Though the Tomahawk remains a high-profile military and political weapon in the United States, Polmar and O'Connell conclude by warning that American weapons development is again in danger of falling behind that of a resurgent post-Soviet Russia:

the venerable Tomahawk remains the weapon of choice for US presidents when a military response is needed in a crisis situation. At the beginning of the 21st century the American president's choices of military action had been significantly limited. While advanced-technology missiles were being discussed and proposed, the Tomahawk remained the only sea-launched, land-attack cruise missile in the US inventory well into the century (and that weapon without a nuclear variant). (162)

Russian development of an "unlimited range" nuclear-powered cruise missile and a "boost-glide" hypersonic missile, have appeared in news reports.[3]

In a book chiefly about cruise missiles, the authors are too preoccupied with details about submarines designed or converted to launch the various missiles they describe. In the case of the Regulus program, the histories of five submarines (one of them nuclear) that fielded the missile system are too thoroughly catalogued. This leads, in a chapter titled ("Regulus Aftermath"), to a diversion from the book's stated subject to needless details about the special operations careers of Tunny (SSG-282), Greyback (SSG-574), and Halibut (SSGN-587). The intent of these stories, like that of other anecdotes through the book, is likely to relieve the constant stream of technical data and deployments with humorous anecdotes, as in the following.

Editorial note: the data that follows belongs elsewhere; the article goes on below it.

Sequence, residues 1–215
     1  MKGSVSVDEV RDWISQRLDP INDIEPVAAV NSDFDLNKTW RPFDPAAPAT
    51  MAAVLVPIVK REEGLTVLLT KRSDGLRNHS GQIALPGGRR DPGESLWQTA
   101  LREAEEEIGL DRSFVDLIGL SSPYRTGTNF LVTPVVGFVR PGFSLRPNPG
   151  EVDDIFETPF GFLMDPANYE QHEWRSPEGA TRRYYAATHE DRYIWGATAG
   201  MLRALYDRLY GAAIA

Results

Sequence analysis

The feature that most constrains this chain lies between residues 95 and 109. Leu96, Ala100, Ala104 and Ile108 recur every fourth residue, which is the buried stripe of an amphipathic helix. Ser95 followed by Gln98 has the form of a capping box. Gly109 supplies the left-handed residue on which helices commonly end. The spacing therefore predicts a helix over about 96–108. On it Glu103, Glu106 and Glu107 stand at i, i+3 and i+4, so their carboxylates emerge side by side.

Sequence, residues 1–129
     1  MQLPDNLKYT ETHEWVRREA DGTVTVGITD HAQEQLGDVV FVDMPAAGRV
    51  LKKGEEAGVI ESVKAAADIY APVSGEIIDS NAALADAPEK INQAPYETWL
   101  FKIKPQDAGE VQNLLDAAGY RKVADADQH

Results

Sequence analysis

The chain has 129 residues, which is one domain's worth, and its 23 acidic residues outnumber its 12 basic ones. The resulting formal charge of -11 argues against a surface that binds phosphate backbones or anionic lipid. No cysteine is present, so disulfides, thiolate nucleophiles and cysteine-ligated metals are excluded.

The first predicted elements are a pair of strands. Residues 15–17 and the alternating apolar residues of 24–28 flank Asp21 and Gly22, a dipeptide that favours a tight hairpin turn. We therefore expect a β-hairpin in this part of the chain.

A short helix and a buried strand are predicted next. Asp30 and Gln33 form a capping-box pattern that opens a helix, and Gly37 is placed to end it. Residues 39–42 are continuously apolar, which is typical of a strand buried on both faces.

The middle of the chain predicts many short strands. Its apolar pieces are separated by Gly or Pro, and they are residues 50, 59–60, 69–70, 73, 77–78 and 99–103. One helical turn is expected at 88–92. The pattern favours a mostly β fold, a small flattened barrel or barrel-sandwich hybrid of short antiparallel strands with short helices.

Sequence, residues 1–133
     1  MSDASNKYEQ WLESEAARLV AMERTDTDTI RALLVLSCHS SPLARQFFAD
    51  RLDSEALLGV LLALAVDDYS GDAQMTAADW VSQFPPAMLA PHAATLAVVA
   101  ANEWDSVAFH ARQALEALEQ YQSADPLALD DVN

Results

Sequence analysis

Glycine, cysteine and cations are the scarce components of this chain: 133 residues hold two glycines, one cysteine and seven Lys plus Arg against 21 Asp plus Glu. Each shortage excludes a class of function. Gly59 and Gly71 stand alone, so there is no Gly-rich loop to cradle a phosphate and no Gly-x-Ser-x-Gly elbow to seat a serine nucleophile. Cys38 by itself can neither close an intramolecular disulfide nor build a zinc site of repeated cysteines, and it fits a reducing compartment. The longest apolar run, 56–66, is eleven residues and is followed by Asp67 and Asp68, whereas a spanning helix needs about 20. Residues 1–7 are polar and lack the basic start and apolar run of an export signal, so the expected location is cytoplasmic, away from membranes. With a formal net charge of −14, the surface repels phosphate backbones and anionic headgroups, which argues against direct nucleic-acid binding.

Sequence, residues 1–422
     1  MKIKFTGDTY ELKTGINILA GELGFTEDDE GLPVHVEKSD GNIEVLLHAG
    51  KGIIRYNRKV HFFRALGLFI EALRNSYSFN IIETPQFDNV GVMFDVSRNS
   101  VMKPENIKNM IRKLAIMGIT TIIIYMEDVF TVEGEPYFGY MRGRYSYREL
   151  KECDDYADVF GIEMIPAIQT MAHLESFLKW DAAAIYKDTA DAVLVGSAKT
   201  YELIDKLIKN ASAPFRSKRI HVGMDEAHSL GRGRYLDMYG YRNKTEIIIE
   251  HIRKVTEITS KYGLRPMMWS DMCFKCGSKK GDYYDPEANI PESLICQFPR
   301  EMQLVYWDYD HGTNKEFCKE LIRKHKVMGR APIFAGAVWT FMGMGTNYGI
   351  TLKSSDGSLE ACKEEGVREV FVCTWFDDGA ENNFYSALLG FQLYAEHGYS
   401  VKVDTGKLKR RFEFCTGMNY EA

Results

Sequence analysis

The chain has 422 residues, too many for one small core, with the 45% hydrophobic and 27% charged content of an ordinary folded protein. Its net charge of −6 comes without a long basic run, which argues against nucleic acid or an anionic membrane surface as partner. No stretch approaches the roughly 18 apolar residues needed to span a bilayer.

Two SEALs got "locked into" the forward torpedo room escape trunk from the sea. Unknown to the SEALs, they were accompanied by a large and very poisonous sea snake. Over the intercom the Tunny's watch personnel in the conning tower could hear the shouts and curses of the SEALs as they tried to avoid being bitten while the escape chamber was drained. The SEALs managed to kill the sea snake. But they did not see the humor of the event as did those listening over the intercom. (72)

While interesting to read, these paragraph-long stories (and blurbs on extraneous events like the 2000 Kursk sinking) are out of place in a volume explicitly dedicated to a specific set of weapon systems.

Distractions aside, Strike from the Sea succeeds in its stated purpose: compressing the highly technical story of strategic cruise missiles into a succinct volume intelligible to interested common readers as well as specialists. No small thing, given the current state of international affairs and the United States' repeating cycles of cruise missile neglect.

[1] Polmar is a defense analyst and regular contributor to the US Naval Institute's Proceedings.

[2] In his long naval career O'Connell (1930-2018) served as an officer in submarines and as a docent at the National Air and Space Museum. His previous work includes three volumes on air power and two on submarines.

[3] N.b., since this review was written, the US Dept. of Defense has revealed that it has tested its own "boost-glide" hypersonic missile. See, further, Congressional Research Service Report (8 June 2021) "Defense Primer: Hypersonic Boost-Glide Weapons."